Carlos Hernandez listened to the debates, and feels most positively about Barack Obama. He was disappointed, though, that “I didn’t hear anything about immigration.” Carlos is Puerto Rican and has no immigration issues himself. But he is concerned for undocumented Mexicans and others he knows who “work harder than me, but aren’t treated well. They come to work, they’re good people, I want them to get some help.” Carlos explains his concern for others over his own needs with a smile of surprise: “Sharing is what you do,” he says.
Anna Mae Clancy wants more than a Head of State; she wants a Heart of State. Her vote will go to Obama because “”He’s for everybody. He knows what poverty is all about. He understands it, and he’ll fight for everyone, do the best job he can—from his heart. His slogan says enough: Change We Can Believe In. I believe in it.”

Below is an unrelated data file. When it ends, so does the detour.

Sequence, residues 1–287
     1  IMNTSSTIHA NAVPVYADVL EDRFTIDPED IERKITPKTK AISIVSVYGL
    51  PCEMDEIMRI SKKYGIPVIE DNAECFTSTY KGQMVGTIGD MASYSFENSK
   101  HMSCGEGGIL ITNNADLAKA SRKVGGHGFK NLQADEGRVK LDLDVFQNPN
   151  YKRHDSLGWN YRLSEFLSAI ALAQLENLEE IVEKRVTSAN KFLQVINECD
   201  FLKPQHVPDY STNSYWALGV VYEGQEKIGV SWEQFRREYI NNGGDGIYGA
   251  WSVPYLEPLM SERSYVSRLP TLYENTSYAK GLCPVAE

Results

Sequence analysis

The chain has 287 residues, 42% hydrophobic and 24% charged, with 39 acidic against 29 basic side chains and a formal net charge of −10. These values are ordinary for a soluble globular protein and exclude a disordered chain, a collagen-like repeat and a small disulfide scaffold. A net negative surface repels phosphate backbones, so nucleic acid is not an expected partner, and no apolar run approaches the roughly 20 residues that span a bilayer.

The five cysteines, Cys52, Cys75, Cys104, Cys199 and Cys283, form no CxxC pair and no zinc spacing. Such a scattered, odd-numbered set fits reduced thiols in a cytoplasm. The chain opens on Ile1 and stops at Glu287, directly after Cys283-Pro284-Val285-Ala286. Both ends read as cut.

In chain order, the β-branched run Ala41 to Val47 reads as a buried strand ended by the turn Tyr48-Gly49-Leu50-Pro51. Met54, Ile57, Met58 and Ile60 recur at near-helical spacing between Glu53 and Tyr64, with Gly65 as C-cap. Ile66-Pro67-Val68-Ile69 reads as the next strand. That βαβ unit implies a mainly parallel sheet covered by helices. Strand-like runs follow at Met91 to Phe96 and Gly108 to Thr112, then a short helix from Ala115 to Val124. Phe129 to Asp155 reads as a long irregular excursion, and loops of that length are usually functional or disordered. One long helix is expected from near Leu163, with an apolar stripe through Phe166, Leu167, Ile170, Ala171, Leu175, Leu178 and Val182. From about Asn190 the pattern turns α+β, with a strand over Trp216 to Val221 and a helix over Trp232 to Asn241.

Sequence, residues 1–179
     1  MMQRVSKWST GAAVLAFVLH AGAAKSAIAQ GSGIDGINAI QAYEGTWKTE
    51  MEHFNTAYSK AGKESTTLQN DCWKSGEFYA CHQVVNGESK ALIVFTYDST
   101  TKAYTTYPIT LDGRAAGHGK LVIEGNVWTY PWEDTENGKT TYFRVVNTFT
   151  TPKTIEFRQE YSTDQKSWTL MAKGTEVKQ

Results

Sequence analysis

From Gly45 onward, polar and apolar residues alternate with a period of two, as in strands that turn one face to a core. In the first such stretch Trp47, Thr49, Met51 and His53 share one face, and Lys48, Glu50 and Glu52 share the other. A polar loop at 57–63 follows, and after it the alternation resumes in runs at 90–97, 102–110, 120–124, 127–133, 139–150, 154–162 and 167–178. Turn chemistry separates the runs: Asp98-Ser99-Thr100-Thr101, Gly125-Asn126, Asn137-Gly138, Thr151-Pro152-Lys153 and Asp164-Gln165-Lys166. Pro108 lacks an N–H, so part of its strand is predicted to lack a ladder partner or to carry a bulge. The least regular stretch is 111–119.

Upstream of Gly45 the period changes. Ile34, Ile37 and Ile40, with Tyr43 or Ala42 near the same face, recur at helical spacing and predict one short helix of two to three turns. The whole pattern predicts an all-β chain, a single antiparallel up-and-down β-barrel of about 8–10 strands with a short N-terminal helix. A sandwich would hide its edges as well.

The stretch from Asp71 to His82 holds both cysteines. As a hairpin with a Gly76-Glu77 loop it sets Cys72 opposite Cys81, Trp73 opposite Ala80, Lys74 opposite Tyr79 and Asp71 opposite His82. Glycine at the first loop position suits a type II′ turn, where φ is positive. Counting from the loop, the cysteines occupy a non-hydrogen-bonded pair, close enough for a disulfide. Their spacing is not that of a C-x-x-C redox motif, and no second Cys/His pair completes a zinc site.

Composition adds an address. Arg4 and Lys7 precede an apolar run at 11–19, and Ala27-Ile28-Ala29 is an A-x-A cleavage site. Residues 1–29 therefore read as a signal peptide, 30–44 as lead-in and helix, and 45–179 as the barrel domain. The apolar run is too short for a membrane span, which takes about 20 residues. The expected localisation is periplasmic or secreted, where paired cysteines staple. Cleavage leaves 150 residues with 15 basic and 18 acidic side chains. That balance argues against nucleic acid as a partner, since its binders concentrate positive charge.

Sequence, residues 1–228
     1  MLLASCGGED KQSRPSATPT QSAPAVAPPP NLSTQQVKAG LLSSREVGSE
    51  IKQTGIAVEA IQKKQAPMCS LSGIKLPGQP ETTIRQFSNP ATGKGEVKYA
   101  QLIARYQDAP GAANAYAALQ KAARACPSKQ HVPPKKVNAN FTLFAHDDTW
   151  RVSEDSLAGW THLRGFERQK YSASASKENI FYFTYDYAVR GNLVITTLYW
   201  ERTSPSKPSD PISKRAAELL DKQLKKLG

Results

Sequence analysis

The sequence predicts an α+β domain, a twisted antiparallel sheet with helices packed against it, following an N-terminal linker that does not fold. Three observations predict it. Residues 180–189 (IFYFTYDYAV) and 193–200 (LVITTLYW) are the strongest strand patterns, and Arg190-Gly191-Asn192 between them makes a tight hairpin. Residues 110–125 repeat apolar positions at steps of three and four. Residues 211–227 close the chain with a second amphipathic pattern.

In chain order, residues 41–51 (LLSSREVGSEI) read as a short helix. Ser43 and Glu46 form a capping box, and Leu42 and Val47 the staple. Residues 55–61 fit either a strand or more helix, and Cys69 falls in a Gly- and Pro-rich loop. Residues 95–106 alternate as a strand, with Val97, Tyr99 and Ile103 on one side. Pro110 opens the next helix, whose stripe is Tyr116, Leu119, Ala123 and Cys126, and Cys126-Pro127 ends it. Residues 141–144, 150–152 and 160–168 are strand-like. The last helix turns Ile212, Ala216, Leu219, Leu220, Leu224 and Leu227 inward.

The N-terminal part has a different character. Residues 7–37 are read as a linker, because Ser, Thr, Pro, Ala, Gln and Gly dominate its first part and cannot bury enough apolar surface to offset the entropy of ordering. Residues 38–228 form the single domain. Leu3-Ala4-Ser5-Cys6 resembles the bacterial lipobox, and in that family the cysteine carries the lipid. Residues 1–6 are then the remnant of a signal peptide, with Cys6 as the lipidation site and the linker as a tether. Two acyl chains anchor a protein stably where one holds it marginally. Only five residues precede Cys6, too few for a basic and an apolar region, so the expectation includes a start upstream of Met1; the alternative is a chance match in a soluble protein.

Jobs and wages are at the center of Lee’s decision for Obama.“I can only make the same wage I made 30 years ago,” he reports. I made $5.25 an hour, and that’s all I can make now. I want someone who will bring back manufacturing jobs to Pennsylvania, get us out of the war, spend money to help the poor.”
Sam is undecided. He is weighing his choices in light of a book he recently finished reading on the life of the Emperor Claudius. The book has made him think carefully about what qualities he wants in the next president. “A leader needs to be ready to educate, to lead the people out of all the problems.” Sam is leaning toward Obama because of his national security positions, and because he is respected by people all over the world. “The US is a mixture of people from all over. So it’s good to have a president who is versatile. (Obama) is a ‘We the People’ person; he represents everyone.” But Sam also has deep respect for John McCain and his service to the country. “I would never put McCain down.. I haven’t decided yet, but I just hope everyone chooses wisely.”